Innocence or naïveté?

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Jer 11:18-20

Yahweh informed me and I knew it; you then revealed their scheming to me. I for my part was like a trustful lamb being led to the slaughterhouse, not knowing the schemes they were plotting against me, ‘Let us destroy the tree in its strength, let us cut him off from the land of the living, so that his name may no longer be remebered!’ Yahweh Sabaoth, whose judgement is upright, tester of motives and thoughts, I shall see your vengeance on them, for I have revealed my cause to you.

Hatred and malice, perhaps mixed with fear, can go so far that it is not enough to kill the other person; one wants to erase all traces of their existence from the face of the earth and exterminate their testimony forever.

The reading we have heard today reminds me of the story of Saint Joan of Arc. This saint was condemned to death by an ecclesiastical court, incited by the English, on the charge of witchcraft. When she was handed over to the civil power for the execution of the death penalty, it was not enough for the English to humiliate her publicly by burning her in the market place of Rouen; they took her ashes, together with her heart, which had not been burnt in the flames, and threw them into the river Seine. They wanted to annihilate everything from her, because it was through her that God had brought the rightful king of France to his coronation, and through her he had defeated the English in war.

Yet nothing escapes the memory of God; before Him everything is unveiled. However fiendishly instigated hatred may rage, God will judge it.

The prophet Jeremiah, who was like a gentle lamb, became the target of such hatred because he did not adapt his message to the expectations of men, but fulfilled God’s mission. This situation was difficult for the prophet, because the opposition came even from his own family; but he remained faithful to his mission.

After the coming of Jesus, we would normally no longer say that we want to see God’s revenge against our enemies, as the prophet Jeremiah expresses himself in this text. The concept of ‘God’s revenge’ has become alien to us, since the Lord commissioned us to pray for our enemies (cf. Mt 5:44) and gave us the grace to do so. But we can speak of God imparting justice in situations like that of Jeremiah. So, if we are confronted with such a reality, we can, on the one hand, ask God to do justice; and, at the same time, pray for the conversion of those who harm us.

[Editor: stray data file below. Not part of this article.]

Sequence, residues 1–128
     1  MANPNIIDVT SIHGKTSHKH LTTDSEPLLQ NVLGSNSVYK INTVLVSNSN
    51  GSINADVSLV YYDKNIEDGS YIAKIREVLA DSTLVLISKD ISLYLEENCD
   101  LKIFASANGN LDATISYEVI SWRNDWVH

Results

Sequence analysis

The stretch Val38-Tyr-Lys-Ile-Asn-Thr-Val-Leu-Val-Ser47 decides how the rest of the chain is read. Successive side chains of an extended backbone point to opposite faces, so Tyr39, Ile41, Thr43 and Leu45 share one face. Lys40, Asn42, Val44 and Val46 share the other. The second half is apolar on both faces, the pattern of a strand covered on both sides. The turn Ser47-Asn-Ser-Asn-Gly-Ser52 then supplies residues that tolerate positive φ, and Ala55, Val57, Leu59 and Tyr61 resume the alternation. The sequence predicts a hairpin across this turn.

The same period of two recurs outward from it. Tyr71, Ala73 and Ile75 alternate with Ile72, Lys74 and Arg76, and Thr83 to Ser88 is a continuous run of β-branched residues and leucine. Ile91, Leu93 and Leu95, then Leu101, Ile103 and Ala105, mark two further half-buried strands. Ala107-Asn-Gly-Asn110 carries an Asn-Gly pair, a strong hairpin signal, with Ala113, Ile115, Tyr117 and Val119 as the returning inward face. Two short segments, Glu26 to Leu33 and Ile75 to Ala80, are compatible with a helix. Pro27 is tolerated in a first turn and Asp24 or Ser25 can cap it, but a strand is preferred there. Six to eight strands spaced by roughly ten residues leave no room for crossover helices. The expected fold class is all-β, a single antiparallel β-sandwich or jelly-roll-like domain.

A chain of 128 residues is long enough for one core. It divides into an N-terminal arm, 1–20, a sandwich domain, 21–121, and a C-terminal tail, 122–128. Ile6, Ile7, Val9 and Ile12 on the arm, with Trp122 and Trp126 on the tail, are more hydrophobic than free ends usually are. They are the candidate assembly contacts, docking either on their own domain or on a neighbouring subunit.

In his innocence, Jeremiah had to experience the existence of evil, which was also directed against him. We must not confuse innocence with naïveté. Innocence is an attitude that knows no evil, because in one’s own heart there is no such degree of malice. Of the holy Curé of Ars, for example, it is said that it was only in the confessional that he learned of the most serious sins. Innocence, then, springs from a fairly pure heart. In Jeremiah’s case, the Lord Himself enabled him to discover the evil intentions of his adversaries.

Naivety, on the other hand, is a kind of blindness, which does not realise that evil exists. Therefore, the naive person is not wide awake and, in a way, remains in a somewhat illusory life.

For our spiritual life it is important, on the one hand, not to be distrustful of other people, because this attitude has disastrous consequences and closes our hearts more and more. On the other hand, however, we must not be blind to the evil that surrounds us. With this naïve attitude, we would not be able to measure situations correctly and can therefore react in the wrong way to what comes our way.

The Lord “could tell what someone had within” (Jn 2:25b), and was thus able to deal correctly with the situations that awaited him. This is precisely what we must learn from Him: to be aware of the dangers around us, without closing our hearts.

In this respect, self-knowledge will be a great help, because the more we know ourselves, the more we will be aware of all the darkness that dwells in the human heart, and we will know how easily evil deeds spring from it.

NOTE: To deepen the theme of self-knowledge, it would be good to listen to this lecture:

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